Living in Florida eliminates much of the desire to fake bake since we’re all exposed to plenty of sun on a daily basis, but it’s normal to occasionally want to enhance your “healthy glow” with a little artificial tanning. And since nearly every strip mall contains a tanning salon and free tanning comes with many gym memberships, it can be hard to pass up a quick tan. However, use of a tanning bed is never a good idea.
Research from the National Cancer Institute, the International Agency for Research on Cancer, the World Health Organization, the Mayo Clinic, the Melanoma Research Foundation, and numerous other medical researchers agree that tanning beds increase the risk for developing skin cancer in users.
Did you know there are more cases of skin cancer caused by indoor tanning than cases of lung cancer caused by smoking?
Did you know exposure to UV radiation increases the risk of developing skin cancer, regardless of the source? The sun, sunlamps, and tanning beds all increase risk. (National Cancer Institute)
Did you know the International Agency on Cancer Research has added UV Radiation emitting devices (tanning beds and lamps) to the list of the most dangerous forms of cancer-causing radiation?
Did you know that last week Pennsylvania joined California, Illinois, Nevada, Texas, Vermont, and Oregon banning the use of tanning beds for all minors under 18, and at least 33 states and the District of Columbia regulate the use of tanning facilities by minors? (National Conference of State Legislatures)
Did you know indoor tanning exposes users to both UV-A and UV-B rays, which damage the skin and can lead to cancer? And that using a tanning bed is particularly dangerous for younger users since those who begin tanning younger than age 35 have a 59% higher risk of melanoma and using tanning beds also increases the risk of wrinkles and eye damage, and changes skin texture. (CDC)
Did you know that melanoma risk increases 1.5% per tanning session?
Did you know the World Heath Organization has classified tanning beds as ‘carcinogenic to humans,’ (its highest level of risk) putting them in the same category as tobacco and asbestos?
Did you know research suggests that the doses of Type A ultraviolet light emitted by high-pressure tanning units may be as much as 10 to 15 times higher than that of the midday sun?
Did you know tanning bed users have a significantly increased chance of developing melanoma. (Melanoma Research Foundation)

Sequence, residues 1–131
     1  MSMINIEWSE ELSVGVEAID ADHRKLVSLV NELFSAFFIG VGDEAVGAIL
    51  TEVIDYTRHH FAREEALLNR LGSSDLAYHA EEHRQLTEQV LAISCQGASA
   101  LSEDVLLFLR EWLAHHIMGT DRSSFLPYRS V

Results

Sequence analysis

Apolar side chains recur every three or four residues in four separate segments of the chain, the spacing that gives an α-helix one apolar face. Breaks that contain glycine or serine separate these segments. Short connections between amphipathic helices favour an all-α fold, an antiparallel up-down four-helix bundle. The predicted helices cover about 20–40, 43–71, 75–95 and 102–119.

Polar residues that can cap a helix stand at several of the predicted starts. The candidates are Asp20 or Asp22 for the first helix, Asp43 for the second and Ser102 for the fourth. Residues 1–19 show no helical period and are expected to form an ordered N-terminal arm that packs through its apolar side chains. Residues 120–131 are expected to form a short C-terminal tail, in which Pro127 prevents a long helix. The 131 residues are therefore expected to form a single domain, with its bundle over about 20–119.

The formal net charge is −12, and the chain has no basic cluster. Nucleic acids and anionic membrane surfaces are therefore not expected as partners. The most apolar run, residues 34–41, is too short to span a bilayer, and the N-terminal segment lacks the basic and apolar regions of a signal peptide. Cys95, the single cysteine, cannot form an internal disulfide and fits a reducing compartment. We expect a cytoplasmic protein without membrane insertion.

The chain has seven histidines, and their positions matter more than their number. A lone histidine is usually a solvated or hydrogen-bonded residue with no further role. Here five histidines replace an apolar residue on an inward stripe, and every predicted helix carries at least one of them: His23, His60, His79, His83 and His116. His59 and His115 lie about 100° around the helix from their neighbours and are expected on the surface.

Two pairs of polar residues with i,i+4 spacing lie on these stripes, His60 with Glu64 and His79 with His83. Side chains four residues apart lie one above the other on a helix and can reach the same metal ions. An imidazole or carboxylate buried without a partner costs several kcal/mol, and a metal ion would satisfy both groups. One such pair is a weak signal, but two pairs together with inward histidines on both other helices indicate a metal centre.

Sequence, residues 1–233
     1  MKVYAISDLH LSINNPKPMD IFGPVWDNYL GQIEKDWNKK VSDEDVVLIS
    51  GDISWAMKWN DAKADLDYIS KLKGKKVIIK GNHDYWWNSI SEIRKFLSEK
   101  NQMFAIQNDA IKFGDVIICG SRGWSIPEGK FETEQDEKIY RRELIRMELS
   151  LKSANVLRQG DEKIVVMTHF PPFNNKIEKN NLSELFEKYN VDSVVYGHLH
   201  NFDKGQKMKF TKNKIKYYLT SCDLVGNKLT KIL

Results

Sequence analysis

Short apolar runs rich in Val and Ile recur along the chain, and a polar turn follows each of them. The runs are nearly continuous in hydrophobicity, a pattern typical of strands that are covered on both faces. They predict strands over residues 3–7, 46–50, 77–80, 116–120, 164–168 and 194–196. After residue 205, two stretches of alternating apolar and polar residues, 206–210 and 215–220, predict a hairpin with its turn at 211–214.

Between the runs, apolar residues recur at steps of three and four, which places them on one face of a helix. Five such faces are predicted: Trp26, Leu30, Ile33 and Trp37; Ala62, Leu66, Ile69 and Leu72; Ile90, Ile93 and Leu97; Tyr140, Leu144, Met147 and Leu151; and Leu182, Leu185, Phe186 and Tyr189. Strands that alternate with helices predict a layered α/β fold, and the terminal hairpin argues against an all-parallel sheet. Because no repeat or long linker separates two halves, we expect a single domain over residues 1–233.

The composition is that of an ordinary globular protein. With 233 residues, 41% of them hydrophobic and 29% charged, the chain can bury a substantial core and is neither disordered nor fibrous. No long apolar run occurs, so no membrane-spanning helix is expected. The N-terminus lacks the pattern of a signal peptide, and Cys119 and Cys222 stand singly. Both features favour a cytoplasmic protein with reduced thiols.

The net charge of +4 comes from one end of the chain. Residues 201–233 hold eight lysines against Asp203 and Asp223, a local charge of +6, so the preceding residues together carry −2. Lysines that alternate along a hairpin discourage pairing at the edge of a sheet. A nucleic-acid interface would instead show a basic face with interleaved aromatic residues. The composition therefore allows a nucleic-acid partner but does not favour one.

Now you know, tanning beds don’t offer a safe alternative to natural sunlight. Learn to love your skin, even if lacking color. A little make up and self tanner goes a long way toward creating that “healthy” look in a much more healthy way. Protect your skin. Don’t fake bake.
May is Melanoma/Skin Cancer Detection and Prevention Month, and the first Monday in May (today) is Melanoma Monday.
Did you know that skin cancer is the most common form of cancer in the United States? Even so, with early detection, it can be easily cured. So on Melanoma Monday take time to learn the ABCDE’s of skin cancer identification.
A – Assymetrical
Two sides of mole do not match.
B – Border
Uneven borders, meaning the edges may be scalloped or notched.
C – Color
Having a variety of colors is another warning sign.
D – Diameter
Melanomas are usually larger than 6mm or 1/4″ in diameter, larger than the size of a pencil eraser.
E – Evolving
Any change in size, color, diameter as well as itching, bleeding, or crusting points to a potential problem.
You know as well as I that you need to use sun protection year round, but Spring Break signals beach time and sunbathing so it’s a good time to remind you to protect yourself from the harmful rays of the sun.
Use sunscreen EVERY day. It’s easy to protect your face with moisturizer and makeup since most include sunscreen, but don’t forget other parts of your body exposed to the sun.
Apply 1 ounce of sunscreen to your entire body 30 minutes before going outside and reapply every two hours. This is especially important for days at the beach, boating, fishing, or any other all day outdoor activity.
Wear a broad brimmed hat to protect your face and head from the sun (and encourage the men you care about to do the same!)
Wear UV blocking sunglasses to protect your eyes and eyelids.
Clothing serves as a great protector from the sun. Long-sleeve shirts and pants work wonders. The more skin you cover, the better.
Whatever you do, DO NOT BURN! According to the Skin Cancer Foundation, your risk of melanoma, the deadliest form of skin cancer, doubles if you burn 5 times in your life.
And don’t forget to examine your skin from head to toe regularly. I’ve had basal cell skin cancer in my scalp which is hard to explain since my scalp has always been covered with a head full of hair, and both Dad and I have had a variety of treatments to take care of skin cancer on our faces, arms, and backs.
My cousin recently celebrated her 40th birthday at UNC meeting with doctors and a medical team regarding participation in a clinical trial to treat her re-occurrence of melanoma, so it’s obvious that you’re not too young to start thinking about protecting your skin.
Living in Florida, you live in paradise. The perfect place to enjoy swimming, boating, fishing, bicycling, and theme parks in the famous Florida sunshine; however, you’re also exposed to more UV radiation than those living farther from the equator so you need to take more precautions. Exposure to UV radiation increases the risk of cataracts, suppresses the immune system, and prematurely ages your skin, and of course it causes skin cancer. Don’t let anyone tell you it’s “only skin cancer”…because it’s still cancer. Be smart. Enjoy paradise, but use precaution when in the sun.
Yes, it’s Spring Break, time to remind you to use protection…protection from the harmful rays of the sun!